Researchers from the University of Leeds have worked with Diabetes UK and human rights organisation CHANGE to help people with mild to moderate learning disabilities manage type 2 diabetes. People with learning disabilities are more prone to type 2 diabetes than the general population.
This partnership has produced a new booklet What to do when you have Type 2 diabetes, which provides easy-to-understand information on topics such as the importance of eating the right foods and getting regular exercise.
The OK Diabetes project, led by Professor Allan House at the University of Leeds and funded by the National Institute for Health Research, has interviewed more than 140 people with learning disabilities and their supporters about how they manage their diabetes. The project sought existing information about type 2 diabetes that could be given to people with learning disabilities as part of their standard care, but no resource was found that exactly met the needs of those interviewed.
Dr Amy M Russell, OK Diabetes research co-ordinator, said: The people we interviewed struggled to understand medical language and detailed explanations about things such as their pancreas. They wanted a physical leaflet they could hold on to that told them what diabetes meant to them in their lives in clear, easy language.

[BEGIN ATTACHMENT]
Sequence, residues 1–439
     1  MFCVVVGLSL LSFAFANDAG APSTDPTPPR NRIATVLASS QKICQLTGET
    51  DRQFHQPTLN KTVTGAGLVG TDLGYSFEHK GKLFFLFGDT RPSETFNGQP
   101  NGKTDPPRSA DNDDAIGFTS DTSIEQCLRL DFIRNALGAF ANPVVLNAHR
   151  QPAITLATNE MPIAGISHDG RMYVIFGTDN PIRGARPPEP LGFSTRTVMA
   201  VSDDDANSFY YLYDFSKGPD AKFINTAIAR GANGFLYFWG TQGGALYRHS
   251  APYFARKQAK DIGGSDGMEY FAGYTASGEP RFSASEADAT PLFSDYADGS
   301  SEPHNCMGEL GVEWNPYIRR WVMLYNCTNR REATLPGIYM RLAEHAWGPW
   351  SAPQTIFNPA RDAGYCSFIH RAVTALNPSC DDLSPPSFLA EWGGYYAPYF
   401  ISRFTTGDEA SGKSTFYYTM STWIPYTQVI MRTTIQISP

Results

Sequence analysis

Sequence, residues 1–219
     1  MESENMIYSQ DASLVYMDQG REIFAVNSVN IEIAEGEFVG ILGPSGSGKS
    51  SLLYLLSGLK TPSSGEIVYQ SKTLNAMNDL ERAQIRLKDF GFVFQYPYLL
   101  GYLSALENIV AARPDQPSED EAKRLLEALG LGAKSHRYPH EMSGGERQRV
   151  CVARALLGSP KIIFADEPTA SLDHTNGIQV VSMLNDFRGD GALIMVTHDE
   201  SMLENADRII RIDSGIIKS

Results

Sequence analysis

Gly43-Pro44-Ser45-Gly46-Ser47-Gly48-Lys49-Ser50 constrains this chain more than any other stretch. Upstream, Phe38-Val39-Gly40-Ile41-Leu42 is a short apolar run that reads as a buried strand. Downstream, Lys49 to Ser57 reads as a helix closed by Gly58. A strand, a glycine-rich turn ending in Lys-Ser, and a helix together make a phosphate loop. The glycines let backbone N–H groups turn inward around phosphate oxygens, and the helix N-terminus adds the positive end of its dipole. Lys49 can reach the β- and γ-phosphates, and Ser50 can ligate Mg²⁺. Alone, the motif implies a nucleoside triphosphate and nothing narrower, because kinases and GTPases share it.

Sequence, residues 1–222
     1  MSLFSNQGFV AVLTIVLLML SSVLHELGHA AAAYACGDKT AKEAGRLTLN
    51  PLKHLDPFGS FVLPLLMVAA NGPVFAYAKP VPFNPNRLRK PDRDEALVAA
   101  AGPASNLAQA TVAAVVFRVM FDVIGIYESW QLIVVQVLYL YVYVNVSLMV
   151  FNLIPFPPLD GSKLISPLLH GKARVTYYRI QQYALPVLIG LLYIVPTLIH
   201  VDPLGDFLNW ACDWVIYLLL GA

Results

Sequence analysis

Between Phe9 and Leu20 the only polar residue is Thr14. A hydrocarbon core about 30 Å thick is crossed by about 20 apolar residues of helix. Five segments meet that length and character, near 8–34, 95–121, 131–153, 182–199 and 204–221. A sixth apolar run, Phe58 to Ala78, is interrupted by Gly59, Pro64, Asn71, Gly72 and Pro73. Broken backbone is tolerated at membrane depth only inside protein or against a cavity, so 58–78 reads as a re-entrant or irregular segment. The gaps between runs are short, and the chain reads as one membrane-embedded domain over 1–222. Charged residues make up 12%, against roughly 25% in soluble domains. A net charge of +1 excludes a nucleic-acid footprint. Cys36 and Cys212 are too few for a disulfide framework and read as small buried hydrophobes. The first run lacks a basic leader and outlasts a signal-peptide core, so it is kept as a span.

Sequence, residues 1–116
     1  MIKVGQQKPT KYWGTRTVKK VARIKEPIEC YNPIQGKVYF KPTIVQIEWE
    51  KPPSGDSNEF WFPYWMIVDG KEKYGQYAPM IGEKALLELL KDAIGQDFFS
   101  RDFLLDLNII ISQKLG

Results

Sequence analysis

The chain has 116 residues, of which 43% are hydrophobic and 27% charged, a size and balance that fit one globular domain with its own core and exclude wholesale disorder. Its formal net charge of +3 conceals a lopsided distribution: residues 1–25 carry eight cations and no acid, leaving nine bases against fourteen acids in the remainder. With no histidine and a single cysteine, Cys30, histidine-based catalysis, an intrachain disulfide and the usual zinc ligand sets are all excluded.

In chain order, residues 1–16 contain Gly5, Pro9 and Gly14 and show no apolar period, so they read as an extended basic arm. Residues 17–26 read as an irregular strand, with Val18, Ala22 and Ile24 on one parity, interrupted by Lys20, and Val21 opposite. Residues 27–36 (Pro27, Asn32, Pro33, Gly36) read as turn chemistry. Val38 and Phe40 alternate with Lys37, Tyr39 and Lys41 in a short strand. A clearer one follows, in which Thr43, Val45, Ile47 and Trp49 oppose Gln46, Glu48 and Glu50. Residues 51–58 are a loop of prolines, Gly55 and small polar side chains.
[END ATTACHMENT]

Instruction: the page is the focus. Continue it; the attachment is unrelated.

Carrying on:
The OK Diabetes team worked with CHANGE, a Leeds-based human rights organisation led by disabled people, as well as Diabetes UK, to update and improve their information and make a short booklet that was easier to understand and more relevant to people with learning disability.
Tracy Kelly, Head of Care at Diabetes UK, said: We are pleased that the booklet is current and is tailored for people who have learning disabilities to use as part of their standard diabetes care. We hope it will provide them with the information they need to manage their condition well.
The booklet is also a good way to introduce the topic to people who may not have English as their first language or who may struggle with complex information.
The OK Diabetes team will give the booklet to everyone taking part in their research. They will also send copies to the GP practices that have helped them with the research. Diabetes UK and CHANGE have made the resource available on their websites for free download. It will also soon be available on the NHS Choices website.
The booklet can be downloaded from http://www.diabetes.org.uk/ and www.changepeople.org/free-resources/